Ever wonder why big corporations seem so sly when it comes to making public statements? I'm going to use Microsoft as an example but this kind of behavior certainly isn't limited to them. Microsoft just seems to be particularly hard to pin down at times.
Early yesterday there was a report from Digital Spy about Microsoft dropping plans to allow the use of any Xbox One as a development kit. This feature was promised last year; the idea is that if a retail Xbox One can work as a development kit, almost anyone can create games for the Xbox One.
The initial report quoted Xbox Advanced Technology Group's Martin Fuller, speaking at Develop, as saying
"We were in the early stages of Xbox One looking at the idea of a retail kit that could be turned into a development kit, and vice versa.""In the end, although that was a very admirable goal, it hasn't happened unfortunately. Can't tell you the specifics of exactly why not."When asked to elaborate on whether the feature would arrive eventually, Fuller replied: "As far as I'm aware there are no plans. I'm not aware of the reason why we didn't manage to do that."
What Fuller stated is apparently not accurate. It didn't take long for Microsoft to send out an update correcting the various sites that ran this story. Now they could've said "Mr. Fuller spoke in error. Our plans have not changed and we are still working on an update that will allow any Xbox One to work as a dev kit." That's pretty clear, right? But that's not what they said. What a Microsoft spokesperson said was:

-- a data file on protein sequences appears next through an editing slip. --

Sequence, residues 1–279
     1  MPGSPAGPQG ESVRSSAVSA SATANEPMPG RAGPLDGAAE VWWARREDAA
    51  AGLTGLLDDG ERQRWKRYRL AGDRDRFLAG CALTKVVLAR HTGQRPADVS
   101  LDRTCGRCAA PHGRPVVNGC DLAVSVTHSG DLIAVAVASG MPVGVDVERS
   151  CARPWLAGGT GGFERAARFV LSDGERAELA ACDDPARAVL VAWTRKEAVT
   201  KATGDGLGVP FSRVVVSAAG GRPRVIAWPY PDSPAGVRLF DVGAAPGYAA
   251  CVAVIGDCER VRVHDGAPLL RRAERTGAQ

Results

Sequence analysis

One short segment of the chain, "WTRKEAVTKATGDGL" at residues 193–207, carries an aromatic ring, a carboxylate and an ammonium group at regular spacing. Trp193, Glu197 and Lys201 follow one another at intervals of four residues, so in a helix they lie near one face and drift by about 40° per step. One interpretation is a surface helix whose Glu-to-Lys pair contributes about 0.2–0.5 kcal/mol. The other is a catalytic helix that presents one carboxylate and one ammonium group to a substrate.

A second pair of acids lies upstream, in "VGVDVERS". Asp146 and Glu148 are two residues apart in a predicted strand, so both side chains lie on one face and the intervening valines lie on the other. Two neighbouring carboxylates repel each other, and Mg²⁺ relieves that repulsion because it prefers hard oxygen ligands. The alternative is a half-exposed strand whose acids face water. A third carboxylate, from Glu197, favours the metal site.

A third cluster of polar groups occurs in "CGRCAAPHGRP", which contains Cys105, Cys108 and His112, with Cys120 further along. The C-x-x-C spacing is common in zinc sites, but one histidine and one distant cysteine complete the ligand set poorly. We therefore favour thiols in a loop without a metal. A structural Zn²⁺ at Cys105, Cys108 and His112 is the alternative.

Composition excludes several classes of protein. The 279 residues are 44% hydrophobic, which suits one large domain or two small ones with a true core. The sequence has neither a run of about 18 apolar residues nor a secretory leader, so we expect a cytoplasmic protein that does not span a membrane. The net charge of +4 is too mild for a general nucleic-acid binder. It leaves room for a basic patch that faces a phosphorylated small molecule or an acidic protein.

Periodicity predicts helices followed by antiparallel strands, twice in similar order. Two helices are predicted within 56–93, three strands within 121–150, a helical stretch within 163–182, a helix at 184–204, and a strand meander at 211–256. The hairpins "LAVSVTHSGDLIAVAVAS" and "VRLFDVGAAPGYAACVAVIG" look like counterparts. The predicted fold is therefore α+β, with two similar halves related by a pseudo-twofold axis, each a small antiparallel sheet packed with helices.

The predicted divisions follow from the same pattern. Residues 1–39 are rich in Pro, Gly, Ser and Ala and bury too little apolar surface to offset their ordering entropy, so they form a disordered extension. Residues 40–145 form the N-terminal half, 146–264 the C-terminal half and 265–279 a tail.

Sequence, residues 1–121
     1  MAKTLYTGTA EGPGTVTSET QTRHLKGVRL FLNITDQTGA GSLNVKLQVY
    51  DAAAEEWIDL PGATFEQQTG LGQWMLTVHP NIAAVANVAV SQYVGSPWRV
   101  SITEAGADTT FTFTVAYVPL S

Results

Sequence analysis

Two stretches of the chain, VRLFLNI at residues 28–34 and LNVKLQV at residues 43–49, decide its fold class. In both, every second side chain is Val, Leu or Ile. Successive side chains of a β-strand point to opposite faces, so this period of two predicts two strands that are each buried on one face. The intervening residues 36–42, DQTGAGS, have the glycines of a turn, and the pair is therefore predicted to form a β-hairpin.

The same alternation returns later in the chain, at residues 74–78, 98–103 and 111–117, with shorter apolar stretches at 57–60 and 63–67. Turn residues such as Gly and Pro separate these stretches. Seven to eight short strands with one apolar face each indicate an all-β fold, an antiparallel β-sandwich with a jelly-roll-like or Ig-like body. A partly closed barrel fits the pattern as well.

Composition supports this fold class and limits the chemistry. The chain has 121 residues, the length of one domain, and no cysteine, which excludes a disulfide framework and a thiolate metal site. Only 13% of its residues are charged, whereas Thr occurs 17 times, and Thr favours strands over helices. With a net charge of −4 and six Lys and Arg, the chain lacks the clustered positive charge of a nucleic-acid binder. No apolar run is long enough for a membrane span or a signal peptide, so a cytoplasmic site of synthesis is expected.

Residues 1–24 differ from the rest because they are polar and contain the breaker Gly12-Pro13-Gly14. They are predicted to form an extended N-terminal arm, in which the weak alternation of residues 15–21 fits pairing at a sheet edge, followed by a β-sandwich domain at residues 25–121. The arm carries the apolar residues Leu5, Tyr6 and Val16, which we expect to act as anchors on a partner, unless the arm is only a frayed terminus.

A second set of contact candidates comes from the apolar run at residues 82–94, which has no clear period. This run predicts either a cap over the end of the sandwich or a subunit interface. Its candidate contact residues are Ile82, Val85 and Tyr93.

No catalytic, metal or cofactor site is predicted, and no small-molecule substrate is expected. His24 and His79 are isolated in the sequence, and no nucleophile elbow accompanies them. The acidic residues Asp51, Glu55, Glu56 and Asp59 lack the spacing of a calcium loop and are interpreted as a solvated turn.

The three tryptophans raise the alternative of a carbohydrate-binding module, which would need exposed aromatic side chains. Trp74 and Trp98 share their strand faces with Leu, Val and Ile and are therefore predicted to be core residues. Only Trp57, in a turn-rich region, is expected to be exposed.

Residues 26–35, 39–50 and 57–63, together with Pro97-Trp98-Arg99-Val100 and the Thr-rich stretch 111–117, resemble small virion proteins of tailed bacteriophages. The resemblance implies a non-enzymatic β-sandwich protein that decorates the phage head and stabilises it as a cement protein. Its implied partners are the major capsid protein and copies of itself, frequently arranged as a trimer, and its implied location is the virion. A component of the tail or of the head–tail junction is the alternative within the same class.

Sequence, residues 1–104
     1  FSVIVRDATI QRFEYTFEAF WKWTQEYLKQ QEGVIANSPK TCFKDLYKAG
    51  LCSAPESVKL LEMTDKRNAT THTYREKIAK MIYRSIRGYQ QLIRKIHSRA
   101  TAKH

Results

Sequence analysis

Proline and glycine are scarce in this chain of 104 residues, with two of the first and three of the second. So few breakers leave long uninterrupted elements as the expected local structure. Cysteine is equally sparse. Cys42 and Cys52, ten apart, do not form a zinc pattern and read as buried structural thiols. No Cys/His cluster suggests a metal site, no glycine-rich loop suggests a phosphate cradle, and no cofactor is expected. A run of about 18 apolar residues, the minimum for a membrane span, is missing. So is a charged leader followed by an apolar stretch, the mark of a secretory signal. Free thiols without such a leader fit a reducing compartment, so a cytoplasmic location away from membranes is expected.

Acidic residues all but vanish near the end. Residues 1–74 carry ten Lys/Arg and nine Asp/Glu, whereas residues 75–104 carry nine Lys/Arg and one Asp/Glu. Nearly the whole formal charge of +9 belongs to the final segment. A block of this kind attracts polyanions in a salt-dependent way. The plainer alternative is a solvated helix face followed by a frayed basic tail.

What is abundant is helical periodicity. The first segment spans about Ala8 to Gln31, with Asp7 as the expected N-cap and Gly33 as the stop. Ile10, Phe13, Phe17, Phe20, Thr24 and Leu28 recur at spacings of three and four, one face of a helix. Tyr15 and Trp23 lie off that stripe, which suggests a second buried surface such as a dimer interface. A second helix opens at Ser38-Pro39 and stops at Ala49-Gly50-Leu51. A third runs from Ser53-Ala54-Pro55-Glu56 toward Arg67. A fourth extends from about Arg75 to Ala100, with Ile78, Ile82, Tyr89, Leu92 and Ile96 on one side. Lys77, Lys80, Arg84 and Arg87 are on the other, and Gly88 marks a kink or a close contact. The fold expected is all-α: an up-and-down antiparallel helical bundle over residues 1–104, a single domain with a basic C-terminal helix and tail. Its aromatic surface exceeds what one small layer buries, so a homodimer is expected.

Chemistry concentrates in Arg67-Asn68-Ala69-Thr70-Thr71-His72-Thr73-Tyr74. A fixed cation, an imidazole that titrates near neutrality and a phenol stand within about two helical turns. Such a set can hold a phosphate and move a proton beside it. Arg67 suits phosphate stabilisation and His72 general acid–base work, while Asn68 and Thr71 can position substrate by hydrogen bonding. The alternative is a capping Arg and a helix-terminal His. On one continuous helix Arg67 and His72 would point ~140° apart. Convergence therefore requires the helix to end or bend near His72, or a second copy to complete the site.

The comments today were inaccurate. We remain committed to ensuring the best possible solutions for developers and hobbyists to create games for Xbox One. We will share more details at a later date.
Now if you're an easy-going type you'll read that and think "Great, plans haven't changed" and move on to other business. But if you're a gamer like me, you're a suspicious lout that takes nothing at face value, particularly if you have a beef with Microsoft.
Notice the Microsoft quote doesn't mention dev kits at all, just that they are committed to 'the best possible solutions.' Why would they phrase things like that? It still seems like maybe there's no retail <-> dev kit functionality coming.
But, you might say if you're pro-Microsoft, they clearly stated that the comments weren't accurate. Well, which part of the comments? Fuller said they were in the early stages of the project. Maybe that's not accurate. Maybe they haven't even started. "It hasn't happened" is certainly accurate. What else could be inaccurate?
Yeah, I'm being pedantic, nit-picking Microsoft's statement and playing devil's advocate here. But I'm not the only one doing that; just skim through the comments at someplace like Polygon and you'll see what I mean (search for the exchange between "Nicka187" and "Germ80" for an example). My question is, why isn't Microsoft more straightforward in refuting the comments? Why leave things open to interpretation, particularly when you're dealing with a product that has a customer base that can be particularly prickly about these things?
It's been almost a year since they promised this 'every retail unit is a dev kit' functionality and this is really the first news we've heard about it. That's enough time to let doubts form. Maybe Phil Spencer or someone less anonymous than "a Microsoft spokesperson" will give us a more straight-forward answer to the question of the retail dev kit. I hope it is indeed still coming, but I'm no longer 100% sure that's the case.
Read more of Peter Smith's TechnoFile blog and follow the latest IT news at ITworld. Follow Peter on Twitter at @pasmith. For the latest IT news, analysis and how-tos, follow ITworld on Twitter and Facebook.